I think everyone who knew of him would have been shocked by the news of Ian Passingham’s death on 19 March, after a long illness, at the age of 63. Until recent years he was an avid attendee and well-known face at The Western Front Association, British Commission for Military History (BCMH) and Douglas Haig Fellowship events.
Ian burst on to the WFA scene sometime in the mid-90s when Joy Thomas brought him along to one of the Abergavenny seminars, and it wasn’t long before he established his credentials at the bar until three in the morning.
Ian had not long retired from the army, having reached the rank of major in the Royal Hampshires. Being an ‘Army Brat’ himself - born in Germany to a Royal Engineer father - he went to school at the Duke of York’s Royal Military School, Dover and subsequently attended RMA Sandhurst, the University of Keele and passed Army Staff College. His service took him to BAOR, Northern Ireland, Bosnia, Kenya and the Falklands. He also served with The British Commanders'-in-Chief Mission to the Soviet Forces in Germany (BRIXMIS), which is where he was when the Berlin Wall came down.
Having left the army, Ian spent some years working for Holts Tours (see Peter Simkins’ recollections below) whilst establishing a career as a military historian. He was very much a ‘people person’ and this shone through on the tours he conducted. He was a great disseminator of information, whether it was through his many lectures or over a drink and a chat. His most recognised book, Pillars of Fire, is still cited by many as the best book on Messines.
Ian was a man of contradictions. He had an almost childlike exuberance when in company. Sitting next to him at lectures could be quite painful as he fidgeted and muttered and doodled, but this should never be interpreted as him not paying attention; he could relay the talk almost verbatim afterwards.
It would not be an exaggeration to say that Ian could talk the proverbial hind leg off a donkey; few who attended a BCMH lecture where he chaired a session will forget when ‘Chairman’s prerogative’ lasted almost as long as the talk itself. Yet he was also a good listener and confidante.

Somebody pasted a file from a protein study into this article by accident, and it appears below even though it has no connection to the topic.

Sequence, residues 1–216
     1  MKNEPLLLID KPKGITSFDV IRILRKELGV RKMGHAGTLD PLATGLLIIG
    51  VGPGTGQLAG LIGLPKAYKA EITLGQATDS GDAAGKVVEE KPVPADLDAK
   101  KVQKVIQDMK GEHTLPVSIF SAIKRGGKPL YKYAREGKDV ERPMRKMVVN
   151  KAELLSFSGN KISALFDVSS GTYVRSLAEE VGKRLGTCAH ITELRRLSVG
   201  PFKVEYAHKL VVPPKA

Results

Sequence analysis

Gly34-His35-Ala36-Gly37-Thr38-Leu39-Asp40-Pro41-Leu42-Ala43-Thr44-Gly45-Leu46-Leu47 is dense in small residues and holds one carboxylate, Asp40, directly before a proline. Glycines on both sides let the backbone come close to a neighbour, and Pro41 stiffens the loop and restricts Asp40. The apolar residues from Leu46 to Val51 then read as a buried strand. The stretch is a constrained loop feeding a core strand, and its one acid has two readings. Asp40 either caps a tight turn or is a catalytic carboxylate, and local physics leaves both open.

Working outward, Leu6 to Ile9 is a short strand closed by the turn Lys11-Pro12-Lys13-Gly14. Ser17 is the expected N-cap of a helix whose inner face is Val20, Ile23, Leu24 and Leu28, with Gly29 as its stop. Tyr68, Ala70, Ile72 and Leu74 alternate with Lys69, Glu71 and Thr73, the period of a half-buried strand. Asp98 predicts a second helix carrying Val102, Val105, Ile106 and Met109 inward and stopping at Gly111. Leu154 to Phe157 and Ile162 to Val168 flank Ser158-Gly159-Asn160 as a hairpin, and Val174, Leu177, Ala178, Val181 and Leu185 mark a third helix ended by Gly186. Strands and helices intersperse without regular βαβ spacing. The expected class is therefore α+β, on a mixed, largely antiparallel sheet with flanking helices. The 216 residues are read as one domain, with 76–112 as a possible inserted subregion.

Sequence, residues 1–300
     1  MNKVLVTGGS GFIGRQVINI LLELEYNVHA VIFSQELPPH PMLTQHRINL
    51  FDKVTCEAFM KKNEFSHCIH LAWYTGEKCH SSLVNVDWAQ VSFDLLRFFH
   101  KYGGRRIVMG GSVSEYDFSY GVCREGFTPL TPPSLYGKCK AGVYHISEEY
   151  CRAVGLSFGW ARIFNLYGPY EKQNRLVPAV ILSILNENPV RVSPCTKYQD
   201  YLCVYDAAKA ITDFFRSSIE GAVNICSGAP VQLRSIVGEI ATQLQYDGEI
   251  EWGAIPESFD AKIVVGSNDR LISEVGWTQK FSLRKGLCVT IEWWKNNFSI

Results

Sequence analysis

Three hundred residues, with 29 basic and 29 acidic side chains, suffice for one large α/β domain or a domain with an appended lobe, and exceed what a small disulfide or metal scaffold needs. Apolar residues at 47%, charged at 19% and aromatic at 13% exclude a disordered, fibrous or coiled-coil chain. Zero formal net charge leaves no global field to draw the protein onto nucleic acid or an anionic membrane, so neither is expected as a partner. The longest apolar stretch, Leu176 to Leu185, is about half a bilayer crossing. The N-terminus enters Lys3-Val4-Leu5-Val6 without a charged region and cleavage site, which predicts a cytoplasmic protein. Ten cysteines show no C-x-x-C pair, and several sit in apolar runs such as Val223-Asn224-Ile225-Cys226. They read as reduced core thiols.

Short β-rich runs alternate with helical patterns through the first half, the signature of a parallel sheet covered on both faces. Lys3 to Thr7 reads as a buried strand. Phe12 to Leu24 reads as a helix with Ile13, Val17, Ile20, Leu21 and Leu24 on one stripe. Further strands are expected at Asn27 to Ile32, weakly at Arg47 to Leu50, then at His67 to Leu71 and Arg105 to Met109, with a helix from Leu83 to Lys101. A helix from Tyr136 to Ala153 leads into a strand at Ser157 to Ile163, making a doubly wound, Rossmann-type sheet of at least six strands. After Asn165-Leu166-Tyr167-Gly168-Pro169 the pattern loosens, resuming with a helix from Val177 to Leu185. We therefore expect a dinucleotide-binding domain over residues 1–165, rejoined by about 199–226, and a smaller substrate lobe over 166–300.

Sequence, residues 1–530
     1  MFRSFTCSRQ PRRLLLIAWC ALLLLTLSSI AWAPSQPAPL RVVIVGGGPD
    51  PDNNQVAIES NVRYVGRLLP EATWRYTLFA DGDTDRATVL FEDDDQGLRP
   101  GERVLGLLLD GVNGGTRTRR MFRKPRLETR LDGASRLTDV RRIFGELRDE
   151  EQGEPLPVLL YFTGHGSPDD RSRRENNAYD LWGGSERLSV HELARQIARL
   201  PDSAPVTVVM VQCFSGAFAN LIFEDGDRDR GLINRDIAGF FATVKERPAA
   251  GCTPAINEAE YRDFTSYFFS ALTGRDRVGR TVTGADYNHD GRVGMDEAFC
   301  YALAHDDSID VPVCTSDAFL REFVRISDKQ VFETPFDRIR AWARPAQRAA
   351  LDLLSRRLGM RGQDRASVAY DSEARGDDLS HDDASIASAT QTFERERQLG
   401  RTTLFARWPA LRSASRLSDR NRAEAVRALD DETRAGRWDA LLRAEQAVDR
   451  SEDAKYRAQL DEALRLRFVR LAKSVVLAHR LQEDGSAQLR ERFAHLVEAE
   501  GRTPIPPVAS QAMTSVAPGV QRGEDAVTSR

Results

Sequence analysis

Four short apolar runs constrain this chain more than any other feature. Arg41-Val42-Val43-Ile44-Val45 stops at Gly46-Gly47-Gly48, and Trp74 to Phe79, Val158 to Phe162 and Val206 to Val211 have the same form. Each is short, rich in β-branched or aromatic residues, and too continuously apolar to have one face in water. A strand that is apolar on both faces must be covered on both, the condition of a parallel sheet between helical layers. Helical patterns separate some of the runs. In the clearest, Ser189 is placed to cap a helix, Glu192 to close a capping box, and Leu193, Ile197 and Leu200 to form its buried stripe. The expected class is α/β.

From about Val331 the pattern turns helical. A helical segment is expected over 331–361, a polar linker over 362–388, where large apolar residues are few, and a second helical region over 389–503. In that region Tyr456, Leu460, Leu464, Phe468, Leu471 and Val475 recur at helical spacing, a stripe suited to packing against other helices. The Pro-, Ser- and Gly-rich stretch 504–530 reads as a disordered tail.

But, for all his ability to have fun, Ian could switch and take control of a situation immediately if needed. He was a man you would follow into battle.
The last time I saw Ian was, ironically, 4 August 2014, when he, Barbara Taylor, John Peaty and myself met for what had become an annual lunch. It was clear then that all was not well, but none of us had any inkling that this would be our final get together.
Ian will be greatly missed by the many friends he made over the years, and our condolences go out to his wife, Sally, and son and daughter, Joseph and Eleanor.
From Peter Simkins:
I got to know Ian Passingham fairly well in the 1990s. I was then still working at the Imperial War Museum but was also regularly and increasingly invited to act as a guest speaker on trips to the Western Front organised by Holt's Battlefield Tours. Quite a few of these trips were led by Lieutenant-Colonel Mike Martin, a senior figure in the company. During this period, Ian also joined Holt's and began to appear on tours as Mike's No.2. I quickly discovered that, before they had both left the army, Mike had been Ian's commanding officer in the Royal Hampshire Regiment - a fact which appeared to explain Ian's attachment to the firm.
Mike Martin, always a jovial figure, nevertheless lost no time in reminding Ian of their former relative status. Ian was frequently 'ordered ' to open gates for the coach, move traffic cones, obtain hotel keys for our travellers or personally test whether or not fields were too muddy. It says much for Ian that he took all this in good part and greeted Mike's instructions with an air of resigned humour. Moreover, he rapidly became an efficient tour leader, more than capable of taking groups to the battlefields without Mike's benevolent supervision.
I particularly recall a tour with the title 'Australians on the Western Front', which attracted a fair number of visitors from ‘Down Under’. Ian dealt beautifully with all the banter that inevitably accompanies meetings between ‘Poms’ and ‘Aussies’ and became firm friends with several of our travellers.
When we toured together, Ian always put me to shame by going out for a run before breakfast and would bounce into the hotel dining room, glowing with fitness, while the rest of us were barely awake or nursing hangovers.
In 1998 I was pleased and privileged to be invited to contribute a Foreword to Ian's first book Pillars of Fire, a study of the Battle of Messines Ridge in June 1917. From that point on, however - once I had retired from the IWM - I saw Ian much less frequently and, apart from the occasional warm encounter at a conference, seminar or WFA branch, I largely lost regular touch with him, to my shame. But I shall long remember, and miss, his brisk and confident manner and his personal kindness towards me. RIP my old friend and travelling companion.